It was a great day, and one which is probably the highlight of my first 10 years following this club.
MELBOURNE VICTORY 3 – 0 SYDNEY FC
It’s always a long off-season for the A-League. And what makes it even worse is that we have to wait nearly 2 months after the Europeans kick off and wait patiently for the more traditional “Aussie” sports to wrap up their playoff series before Round 1 can commence.
The Victory had recruited unbelievably well in the off-season, but it would remain to be seen what Kevin Muscat (the world’s dirtiest player) would do with his gameplan. Melbourne have played the past 2 years without a central striker, preferring 2 wingers instead (yes, still doesn’t make sense does it??) and have managed to pick up Albanian International Beshart Berisha from Brisbane Roar, who plays so central and direct that even German trains are jealous!
Add into the mix, towering centre half & former Stuttgart and French U/21 captain Matthieu DelPierre, Australian veteran International Carl Valeri, Macedonian International Daniel Georgievski and the €5 million Tunisian captain Fahid Ben Khalfallah – it will be interesting to see how the team will be set-up. It is also slightly curious as to how the Victory can fit all these “Internationals” under the stringent salary cap. Questions will be asked throughout the season – especially if they keep winning!!
A big crowd of 40,000+ had been touted in the lead-up to the glamour match-up between arguably the A-League’s two biggest clubs. Etihad Stadium, normally an AFL (or cricket) ground was in rectangular mode to give the place that real football feel. The Western Sydney Wanderers Red & Black Brigade were out in force after their Asian Champions League momentous win earlier in the week. Disappointingly though it was the home club’s support that was well down as in the end the attendance only just snuck over the 30,000 mark. The “North Terrace” were back after their strike action of last season – see, football does cross all boundaries!!!
The Victory team was announced and it had an eerie look about it. It looked as though Muscat had selected his best 11 players and built a formation to suit them. A genuine 4-3-3 was in place! It looked scary on paper, but in reality, after years of safety-first defensive focused set-ups this Keegan-esque mentality, where Muscat goads the opposition by daring them to try and score more goals than them. A refreshing change from the “as long as we don’t lose mindset” that has been prevalent over the past couple of seasons.
The Wanderers were missing a couple of key players through injury and Aussie duty, especially in defence; whereas only Milligan was missing for Melbourne. This proved critical early on when unbelievably the 6ft 3 DelPierre ghosted into the box unmarked from a Finkler free kick to volley home from 10 yards to make it 1-0 after only 8 minutes. The Wanderers were seriously under the cosh throughout and conceded a penalty which the other debutant Berisha converted. To seriously rub salt and acid into an already gaping wound, the league’s most average player “DJ BeatBrox” Leigh Broxham blasted home to make it three zip after only 29 minutes.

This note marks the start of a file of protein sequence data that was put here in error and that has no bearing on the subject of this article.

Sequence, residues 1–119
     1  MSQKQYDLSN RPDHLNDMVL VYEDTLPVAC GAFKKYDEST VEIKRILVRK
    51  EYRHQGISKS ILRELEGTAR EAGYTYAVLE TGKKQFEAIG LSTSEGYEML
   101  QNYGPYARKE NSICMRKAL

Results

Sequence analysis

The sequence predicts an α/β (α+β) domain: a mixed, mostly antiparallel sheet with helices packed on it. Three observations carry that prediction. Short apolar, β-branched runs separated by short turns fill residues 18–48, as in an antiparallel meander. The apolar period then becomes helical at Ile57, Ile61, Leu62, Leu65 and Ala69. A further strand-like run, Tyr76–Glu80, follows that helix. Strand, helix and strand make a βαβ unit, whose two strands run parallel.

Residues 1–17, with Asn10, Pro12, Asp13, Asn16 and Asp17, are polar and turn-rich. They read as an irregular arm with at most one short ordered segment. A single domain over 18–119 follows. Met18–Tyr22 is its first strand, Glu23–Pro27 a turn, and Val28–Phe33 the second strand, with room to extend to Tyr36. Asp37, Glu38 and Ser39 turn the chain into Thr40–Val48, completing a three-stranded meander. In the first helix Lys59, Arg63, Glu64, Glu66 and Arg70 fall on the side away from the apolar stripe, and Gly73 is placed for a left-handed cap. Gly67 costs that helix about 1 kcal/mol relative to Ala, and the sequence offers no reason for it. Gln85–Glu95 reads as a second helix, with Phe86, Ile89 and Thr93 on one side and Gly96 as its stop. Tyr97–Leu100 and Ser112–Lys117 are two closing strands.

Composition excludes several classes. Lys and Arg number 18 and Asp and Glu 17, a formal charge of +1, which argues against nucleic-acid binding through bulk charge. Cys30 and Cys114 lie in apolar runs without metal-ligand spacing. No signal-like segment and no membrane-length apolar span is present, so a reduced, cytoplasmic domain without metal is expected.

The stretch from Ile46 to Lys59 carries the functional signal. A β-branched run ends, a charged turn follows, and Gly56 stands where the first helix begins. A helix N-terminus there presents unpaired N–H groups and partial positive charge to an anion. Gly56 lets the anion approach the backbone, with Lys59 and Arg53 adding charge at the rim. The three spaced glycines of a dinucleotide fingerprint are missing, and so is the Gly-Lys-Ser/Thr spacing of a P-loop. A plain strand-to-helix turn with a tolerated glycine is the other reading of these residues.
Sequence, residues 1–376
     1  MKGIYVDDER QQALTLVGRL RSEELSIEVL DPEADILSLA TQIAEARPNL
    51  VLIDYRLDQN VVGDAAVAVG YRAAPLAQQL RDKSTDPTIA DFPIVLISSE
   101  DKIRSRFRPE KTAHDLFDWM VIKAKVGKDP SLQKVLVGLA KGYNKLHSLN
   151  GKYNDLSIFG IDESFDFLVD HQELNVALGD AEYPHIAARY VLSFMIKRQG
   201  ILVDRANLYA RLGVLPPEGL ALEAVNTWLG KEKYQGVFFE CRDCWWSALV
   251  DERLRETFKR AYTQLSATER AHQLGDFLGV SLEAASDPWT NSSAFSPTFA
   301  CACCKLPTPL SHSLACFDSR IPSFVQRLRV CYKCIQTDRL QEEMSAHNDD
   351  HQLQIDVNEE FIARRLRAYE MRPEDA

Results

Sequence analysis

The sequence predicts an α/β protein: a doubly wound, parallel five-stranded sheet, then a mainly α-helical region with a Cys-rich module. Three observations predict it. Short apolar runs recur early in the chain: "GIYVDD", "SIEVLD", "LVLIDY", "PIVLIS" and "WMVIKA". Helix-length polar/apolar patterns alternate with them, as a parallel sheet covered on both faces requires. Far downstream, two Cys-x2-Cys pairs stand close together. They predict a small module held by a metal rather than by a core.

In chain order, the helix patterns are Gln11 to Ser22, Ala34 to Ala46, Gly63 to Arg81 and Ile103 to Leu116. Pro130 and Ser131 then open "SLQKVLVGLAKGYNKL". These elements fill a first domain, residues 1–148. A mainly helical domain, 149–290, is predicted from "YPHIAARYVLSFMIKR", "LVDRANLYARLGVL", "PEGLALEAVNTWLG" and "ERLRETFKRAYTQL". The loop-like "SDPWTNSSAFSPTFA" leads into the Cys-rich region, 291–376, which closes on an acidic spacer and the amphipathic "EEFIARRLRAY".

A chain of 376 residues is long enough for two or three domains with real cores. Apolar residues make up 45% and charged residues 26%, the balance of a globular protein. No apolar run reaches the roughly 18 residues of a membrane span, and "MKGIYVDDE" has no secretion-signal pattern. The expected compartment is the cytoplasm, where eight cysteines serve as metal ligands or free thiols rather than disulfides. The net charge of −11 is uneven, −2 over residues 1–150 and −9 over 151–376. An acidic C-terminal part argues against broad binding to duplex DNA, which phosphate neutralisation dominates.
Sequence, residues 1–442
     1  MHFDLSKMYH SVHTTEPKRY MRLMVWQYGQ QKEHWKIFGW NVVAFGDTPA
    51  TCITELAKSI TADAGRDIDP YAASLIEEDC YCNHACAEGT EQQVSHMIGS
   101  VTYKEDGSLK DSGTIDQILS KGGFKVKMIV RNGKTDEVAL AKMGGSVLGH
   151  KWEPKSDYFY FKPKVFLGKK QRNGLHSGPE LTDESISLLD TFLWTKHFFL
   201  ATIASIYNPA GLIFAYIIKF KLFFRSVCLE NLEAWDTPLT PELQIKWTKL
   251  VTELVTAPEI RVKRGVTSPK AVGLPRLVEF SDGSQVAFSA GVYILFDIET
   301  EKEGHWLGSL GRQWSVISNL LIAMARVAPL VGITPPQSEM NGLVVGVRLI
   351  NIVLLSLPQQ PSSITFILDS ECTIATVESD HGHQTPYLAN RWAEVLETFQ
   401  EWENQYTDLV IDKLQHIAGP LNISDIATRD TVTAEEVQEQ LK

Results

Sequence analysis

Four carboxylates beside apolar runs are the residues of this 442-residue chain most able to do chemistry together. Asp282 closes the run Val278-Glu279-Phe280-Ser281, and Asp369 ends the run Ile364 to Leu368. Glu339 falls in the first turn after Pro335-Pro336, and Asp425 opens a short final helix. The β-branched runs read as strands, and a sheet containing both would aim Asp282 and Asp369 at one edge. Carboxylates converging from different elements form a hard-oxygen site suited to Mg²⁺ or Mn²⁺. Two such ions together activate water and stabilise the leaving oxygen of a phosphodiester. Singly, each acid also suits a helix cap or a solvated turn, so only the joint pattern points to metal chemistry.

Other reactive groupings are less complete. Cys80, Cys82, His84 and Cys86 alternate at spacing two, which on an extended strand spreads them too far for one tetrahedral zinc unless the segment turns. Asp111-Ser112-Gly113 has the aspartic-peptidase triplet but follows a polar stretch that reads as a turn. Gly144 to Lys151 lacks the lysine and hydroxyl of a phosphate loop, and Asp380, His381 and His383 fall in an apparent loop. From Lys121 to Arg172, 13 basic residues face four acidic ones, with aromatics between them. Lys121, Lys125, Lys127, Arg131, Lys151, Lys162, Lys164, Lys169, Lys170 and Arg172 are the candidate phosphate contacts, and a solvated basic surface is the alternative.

To be fair Melbourne looked like they were going to score every time they attacked and it was a bit of a shock when Mark Bridge nicked one back after a defensive mix-up just before the break. However, normal service was resumed early after the break when world record holder Archie Thompson slotted home a 1-on-1 to put four on the Wanderers for the very first time in their albeit short history.
The game lost its edge after that. The Wanderers tried hard but rarely threatened, and the Victory threw on players that needed a run. The RBB however maintained their fervour despite the poor showing – even at 4-1 down every man to a tee participated in the Poznan. No matter where you go and watch in the world, its always more fun to go away! The only problem with playing in the A-League is that the trip home is a bloody long way – especially after you’ve been hammered!
This game again proves my theory that every A-League game needs an early goal to be entertaining. The longer games in this competition go without a goal the interest level wanes significantly. Unfortunately the game is not strong enough in Australia to support good old fashioned dour dogfights. The floating fan or onlooker doesn’t understand them; the coaches unfortunately aren’t quite good enough to change things enough tactically (or take the risk) to up the ante; and the players in these situations are more often than not reliant on other’s team’s mistakes to create the chances they need.
The team Melbourne have put together are good enough to beat most of the other teams in the A-League despite the men that are there to manage them. Muscat’s influence will be less of an issue this season; not that his gameplans or tactics ever really do. The players will win this thing for the Victory – and I’m saying that after Round 1!
MELBOURNE VICTORY 4 – 1 WESTERN SYDNEY WANDERERS